Inflation also affects the consumer credit market

Inflation averaged 5.2% for the whole of 2022, impacting the consumer credit market. Credit companies are seeing an increase in non-payments and requests for deferrals. Inflation is affecting all sectors, including consumer credit.

Credit habits have changed

A consumer credit, granted to individuals by banks or financial institutions, is used to purchase consumer goods such as household appliances, vehicles, furniture, etc., or for cash flow purposes. Credit amounts and terms vary. The sums lent by the various organizations range from 200 to 75,000 euros, and the repayment period is always longer than 3 months.

There are various types of credit, including :

  • Affected credit, intended to finance a specific good, supported by an invoice.
  • The personal loan, allowing the purchase of any goods or services without receipts, and whose amount is defined in advance and cannot be modified.
  • Revolving credit gives you the freedom to finance everyday expenses.
  • Lease with option to buy or LOA, mainly used in the automotive sector, this credit allows you to have a vehicle without buying it at first, by paying monthly rents, and to buy it or return it at the end of the lease.

During the health crisis, the French built up a stockpile of savings, which they were tempted to keep for a possible future downturn in their purchasing power.

As a result, more and more people are turning to consumer credit to keep their savings intact. The French banking federation reports that 45% of households held at least one loan in 2021, and not just a mortgage. Consumer credit grew by 3.1% year-on-year from 2021 to 2022.

This type of financing is further boosted by record inflation. While some consumers turn to credit as a way of conserving their savings, others do so out of obligation, because they don't have the money available to finance their purchases.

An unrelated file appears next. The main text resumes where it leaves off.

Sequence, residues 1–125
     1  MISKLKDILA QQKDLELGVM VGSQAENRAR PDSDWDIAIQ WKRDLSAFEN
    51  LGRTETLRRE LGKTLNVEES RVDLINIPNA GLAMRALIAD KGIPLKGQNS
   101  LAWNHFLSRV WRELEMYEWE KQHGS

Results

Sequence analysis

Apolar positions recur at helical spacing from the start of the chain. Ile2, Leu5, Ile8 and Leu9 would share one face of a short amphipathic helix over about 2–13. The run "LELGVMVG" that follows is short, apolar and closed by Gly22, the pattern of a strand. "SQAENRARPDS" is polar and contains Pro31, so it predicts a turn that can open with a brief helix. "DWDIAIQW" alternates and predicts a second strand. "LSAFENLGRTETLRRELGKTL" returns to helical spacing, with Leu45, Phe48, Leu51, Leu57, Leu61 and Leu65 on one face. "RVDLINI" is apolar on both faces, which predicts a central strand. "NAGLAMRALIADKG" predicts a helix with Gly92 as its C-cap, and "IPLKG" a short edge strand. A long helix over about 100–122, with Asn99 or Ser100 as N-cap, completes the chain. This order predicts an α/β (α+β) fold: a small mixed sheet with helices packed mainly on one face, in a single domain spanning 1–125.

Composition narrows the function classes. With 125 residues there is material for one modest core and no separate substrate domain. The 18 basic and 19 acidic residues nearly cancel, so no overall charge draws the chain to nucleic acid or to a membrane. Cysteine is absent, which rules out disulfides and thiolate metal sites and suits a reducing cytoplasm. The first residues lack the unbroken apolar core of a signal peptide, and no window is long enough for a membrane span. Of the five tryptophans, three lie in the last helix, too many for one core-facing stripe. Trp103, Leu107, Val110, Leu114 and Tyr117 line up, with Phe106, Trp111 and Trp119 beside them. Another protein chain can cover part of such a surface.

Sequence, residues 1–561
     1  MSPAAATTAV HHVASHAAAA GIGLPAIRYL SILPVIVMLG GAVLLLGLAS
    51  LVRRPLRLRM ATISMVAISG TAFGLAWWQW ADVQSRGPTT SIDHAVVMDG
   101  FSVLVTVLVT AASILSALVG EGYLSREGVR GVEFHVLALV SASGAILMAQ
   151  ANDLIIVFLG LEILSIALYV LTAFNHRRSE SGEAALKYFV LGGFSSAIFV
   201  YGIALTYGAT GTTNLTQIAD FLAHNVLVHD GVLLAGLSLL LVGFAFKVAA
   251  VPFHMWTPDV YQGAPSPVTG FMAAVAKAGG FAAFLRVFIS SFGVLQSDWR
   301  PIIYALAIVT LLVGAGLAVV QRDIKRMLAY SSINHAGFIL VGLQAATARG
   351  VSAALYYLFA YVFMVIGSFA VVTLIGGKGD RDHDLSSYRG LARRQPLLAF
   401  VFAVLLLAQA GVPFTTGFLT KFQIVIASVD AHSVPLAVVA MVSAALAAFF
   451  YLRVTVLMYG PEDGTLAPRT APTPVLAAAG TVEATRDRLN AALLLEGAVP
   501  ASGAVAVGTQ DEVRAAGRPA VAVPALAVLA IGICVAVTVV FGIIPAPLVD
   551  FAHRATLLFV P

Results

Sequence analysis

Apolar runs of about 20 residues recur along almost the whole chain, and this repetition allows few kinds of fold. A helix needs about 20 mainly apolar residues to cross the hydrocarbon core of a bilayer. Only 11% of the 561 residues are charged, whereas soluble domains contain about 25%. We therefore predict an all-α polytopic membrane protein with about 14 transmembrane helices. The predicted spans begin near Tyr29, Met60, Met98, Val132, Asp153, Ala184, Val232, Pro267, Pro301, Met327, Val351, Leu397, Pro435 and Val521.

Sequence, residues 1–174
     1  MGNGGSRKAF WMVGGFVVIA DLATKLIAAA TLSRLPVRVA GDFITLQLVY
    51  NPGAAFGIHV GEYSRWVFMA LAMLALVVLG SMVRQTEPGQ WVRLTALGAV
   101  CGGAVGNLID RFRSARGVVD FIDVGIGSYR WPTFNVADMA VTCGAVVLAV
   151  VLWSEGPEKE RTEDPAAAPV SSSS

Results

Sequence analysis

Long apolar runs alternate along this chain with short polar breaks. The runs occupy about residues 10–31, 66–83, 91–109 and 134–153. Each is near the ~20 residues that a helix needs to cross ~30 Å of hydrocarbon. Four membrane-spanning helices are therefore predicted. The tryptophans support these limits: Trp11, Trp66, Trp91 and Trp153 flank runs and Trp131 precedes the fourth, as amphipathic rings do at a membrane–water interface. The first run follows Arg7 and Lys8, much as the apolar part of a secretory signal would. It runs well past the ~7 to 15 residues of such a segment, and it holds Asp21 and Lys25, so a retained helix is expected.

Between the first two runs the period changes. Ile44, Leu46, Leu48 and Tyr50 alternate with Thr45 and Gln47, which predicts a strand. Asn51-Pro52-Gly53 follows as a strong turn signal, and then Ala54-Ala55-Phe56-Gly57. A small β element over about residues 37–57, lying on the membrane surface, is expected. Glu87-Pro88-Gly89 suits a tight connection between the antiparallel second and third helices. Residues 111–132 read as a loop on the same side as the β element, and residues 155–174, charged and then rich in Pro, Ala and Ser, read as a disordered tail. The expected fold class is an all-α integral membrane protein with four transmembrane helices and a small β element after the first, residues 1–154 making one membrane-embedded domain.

The dangers of consumer credit

Faced with the rising cost of living, some consumers are attracted by loans, which financial institutions often present as a miracle solution for buying essential consumer goods like a car, or simply useful items like a washing machine.

But this practice can be dangerous if left unchecked. You soon find yourself with your head under water, especially when you have to take out a new loan to pay off the first. It's something to be avoided at all costs if you don't want to end up crumbling under debt.

Is inflation the cause of an upsurge in non-payments?

The high inflation we are experiencing is weighing on a growing number of households. It is certainly the cause of an upsurge in non-payments. According to theAssociation française des sociétés financières (ASF), the credit market is beginning to feel the adverse effects of rising prices.

When a borrower takes out a revolving credit to buy a car, for example, he or she is sometimes forced to dip into it for other reasons, even simply to pay for day-to-day expenses. Debts pile up. He enters a downward spiral. He can't pay back the money, and finds himself in an even more precarious situation.

What are the solutions for borrowers?

There are a number of ways to get out of this predicament: renegotiate the interest rate, ask for an extension on repayment, or postpone repayments. It's this last solution that we've been seeing a lot of lately.

The courts may grant a suspension of repayments without any surcharges or penalties. To do this, you'll need to build up a solid case and take the matter to the appropriate court. If the difficulties are really serious and long-lasting, it is preferable to file for overindebtedness.